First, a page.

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I don’t think anyone has ever gone into business thinking it was going to be smooth sailing all the way to the top. But we also have a tendency to believe that if we work hard and we do all the right things, we will eventually make it there — that with our tenacity, courage and a bit of persistence, we will reach a day when we reach our goals.
Unfortunately, one thing we fail to recognize until it’s too late is that tenacity, courage and persistence aren’t always enough.
As Captain Jean-Luc Picard said in an episode of Star Trek: The Next Generation, “It is possible to commit no mistakes and still lose.” I was 13 years old when I saw this episode, yet those words have stuck with me ever since. They represent a truth we sometimes forget about — sometimes, you can do everything right and still suffer a major setback.
Back in 2015, I had two clients who, back to back, decided to skip out and disappear without paying their entire five-figure invoices. I had signed contracts, I had their deposits, I had emails from them complimenting my progress on their projects, but when it came time for them to accept the final work and pay their final invoice, they disappeared. So I did what any scrappy freelance writer with a lawyer and a signed contract would do: I went after them.
Months later, I had drained our savings, missed several payments on other bills and even though the court agreed with my stance and those clients were not allowed to publish or profit off those works, I still had no money. There was still no way to force them to pay me the money they owed me for the months of work I had put into their books. I held onto those clients for far longer than was safe, to the point of not doing other work because I kept chasing those unpaid invoices. Which, in turn, meant I had no money coming in even while I was cruising through our savings to try to recover these funds.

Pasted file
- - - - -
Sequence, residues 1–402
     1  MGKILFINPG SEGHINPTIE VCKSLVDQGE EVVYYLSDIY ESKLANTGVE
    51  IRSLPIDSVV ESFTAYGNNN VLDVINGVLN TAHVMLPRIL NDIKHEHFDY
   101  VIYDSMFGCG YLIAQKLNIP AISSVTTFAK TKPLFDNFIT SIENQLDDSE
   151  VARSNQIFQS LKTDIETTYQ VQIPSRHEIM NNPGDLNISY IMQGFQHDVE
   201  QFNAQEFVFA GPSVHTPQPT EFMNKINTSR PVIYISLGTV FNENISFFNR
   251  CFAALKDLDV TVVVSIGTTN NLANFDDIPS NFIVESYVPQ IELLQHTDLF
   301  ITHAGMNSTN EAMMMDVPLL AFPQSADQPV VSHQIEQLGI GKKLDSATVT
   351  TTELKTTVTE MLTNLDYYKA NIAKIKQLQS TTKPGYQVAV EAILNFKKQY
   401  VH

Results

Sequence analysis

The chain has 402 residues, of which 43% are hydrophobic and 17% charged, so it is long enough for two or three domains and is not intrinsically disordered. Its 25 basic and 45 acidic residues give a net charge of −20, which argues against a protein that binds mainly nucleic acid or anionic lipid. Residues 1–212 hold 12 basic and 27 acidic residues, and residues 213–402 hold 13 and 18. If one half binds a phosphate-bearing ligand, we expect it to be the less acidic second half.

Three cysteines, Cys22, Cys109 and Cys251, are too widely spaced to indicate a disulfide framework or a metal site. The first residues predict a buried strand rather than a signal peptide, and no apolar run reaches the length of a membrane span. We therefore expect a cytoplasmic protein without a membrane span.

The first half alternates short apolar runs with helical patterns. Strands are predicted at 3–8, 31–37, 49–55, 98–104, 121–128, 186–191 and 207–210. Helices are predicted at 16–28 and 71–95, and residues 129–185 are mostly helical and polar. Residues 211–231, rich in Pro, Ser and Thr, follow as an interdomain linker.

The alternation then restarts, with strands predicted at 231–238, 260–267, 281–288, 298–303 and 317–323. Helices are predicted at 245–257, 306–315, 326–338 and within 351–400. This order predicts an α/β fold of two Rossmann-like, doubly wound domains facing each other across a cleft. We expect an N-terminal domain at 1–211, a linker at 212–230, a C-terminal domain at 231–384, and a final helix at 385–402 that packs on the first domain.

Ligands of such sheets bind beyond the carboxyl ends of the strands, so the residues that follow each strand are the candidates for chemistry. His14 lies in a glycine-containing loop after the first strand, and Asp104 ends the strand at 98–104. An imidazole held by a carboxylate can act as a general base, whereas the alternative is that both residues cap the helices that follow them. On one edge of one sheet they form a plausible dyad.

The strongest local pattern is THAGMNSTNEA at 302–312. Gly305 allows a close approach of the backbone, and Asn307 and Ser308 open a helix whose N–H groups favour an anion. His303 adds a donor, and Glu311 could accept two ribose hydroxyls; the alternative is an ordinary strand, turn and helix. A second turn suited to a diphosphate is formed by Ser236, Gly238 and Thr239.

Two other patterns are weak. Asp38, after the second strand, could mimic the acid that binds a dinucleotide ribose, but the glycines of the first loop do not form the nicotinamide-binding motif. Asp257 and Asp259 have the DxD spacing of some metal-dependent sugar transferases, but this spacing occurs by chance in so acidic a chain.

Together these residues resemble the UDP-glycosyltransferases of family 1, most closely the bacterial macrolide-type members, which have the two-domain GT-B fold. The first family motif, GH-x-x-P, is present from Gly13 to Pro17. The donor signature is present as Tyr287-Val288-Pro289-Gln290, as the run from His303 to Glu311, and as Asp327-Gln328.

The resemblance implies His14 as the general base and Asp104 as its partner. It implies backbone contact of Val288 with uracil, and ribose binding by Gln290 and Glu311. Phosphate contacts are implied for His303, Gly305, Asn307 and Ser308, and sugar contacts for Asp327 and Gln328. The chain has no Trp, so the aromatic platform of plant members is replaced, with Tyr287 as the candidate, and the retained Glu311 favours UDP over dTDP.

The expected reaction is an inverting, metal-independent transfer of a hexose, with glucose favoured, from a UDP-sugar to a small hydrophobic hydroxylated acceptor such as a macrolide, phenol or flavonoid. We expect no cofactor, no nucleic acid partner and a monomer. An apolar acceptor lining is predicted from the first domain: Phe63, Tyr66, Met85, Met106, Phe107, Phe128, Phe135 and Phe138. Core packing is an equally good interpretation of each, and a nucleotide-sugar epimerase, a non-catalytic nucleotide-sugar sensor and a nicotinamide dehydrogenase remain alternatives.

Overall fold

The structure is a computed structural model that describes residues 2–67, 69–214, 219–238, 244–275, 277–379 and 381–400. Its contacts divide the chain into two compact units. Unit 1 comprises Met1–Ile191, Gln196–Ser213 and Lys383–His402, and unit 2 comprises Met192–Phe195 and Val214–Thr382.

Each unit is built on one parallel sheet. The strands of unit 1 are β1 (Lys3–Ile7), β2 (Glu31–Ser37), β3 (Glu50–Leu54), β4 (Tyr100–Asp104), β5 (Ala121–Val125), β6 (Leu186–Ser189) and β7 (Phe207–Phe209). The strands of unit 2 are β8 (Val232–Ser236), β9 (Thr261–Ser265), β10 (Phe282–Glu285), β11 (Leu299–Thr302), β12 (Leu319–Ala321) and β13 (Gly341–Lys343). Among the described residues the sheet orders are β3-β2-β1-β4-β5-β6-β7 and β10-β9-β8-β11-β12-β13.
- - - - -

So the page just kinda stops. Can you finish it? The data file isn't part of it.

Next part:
It’s easy to get caught up in our principles and stand by what’s right. And money tends to bring out our emotions much more than we would like to admit — especially when we need that money to pay for our living expenses, like our rent or our food. But what I learned was that hanging on too tightly to that principle cost me much more than the lost revenue did. Those emotional states are not the right place from which to be making business decisions.
People ask me all the time: What should they do if a client ever disappears on them without paying? And looking into legal action is still on the list. If a client disappears on me now, I will still contact my lawyer with all my contracts and be ready to go after them. However, one thing I learned after that disappointing year is that it is far more important to be ready to bounce back than it is to go after those unpaid invoices.
So, here are three tips for getting your business back on track after a major setback.
Related: 5 Strategies for Dealing With Business Setbacks
1. Reevaluate your mission and your goals.
First and foremost, you need to evaluate just how much of a setback this “major” setback actually was. How far off track did it really knock you from your goals, and did it endanger your ability to carry out your mission? This is an important step because it will help you frame the setback into actual value and set up the first steps you’ll need to recover from it.
When something happens that’s beyond your control, such as a client failing to pay an invoice, it’s easy to dig in your heels and start passing blame, keeping your focus squarely on that incident. Doing so, however, robs you of the opportunity to see a path forward. When those two clients disappeared without paying me, I was so focused on the amounts of money they owed me, the hurt that they decided not to pay me and the guilt of feeling I should have seen it coming, I failed to realize the real impact of those lost funds on my business. I chased after them with a lawyer, which cost me money and time. I showed up in courts, and I took time to write up affidavits and statements — all of which was time I could have been better spent finding new clients.
Of course, hindsight is 20/20. If I knew then what I know now, I would have paused and seen that while, yes, both unpaid invoices were five-figures, which is a lot of money, it also would have taken just two new clients to catch back up — maybe a third and some hustle at worst.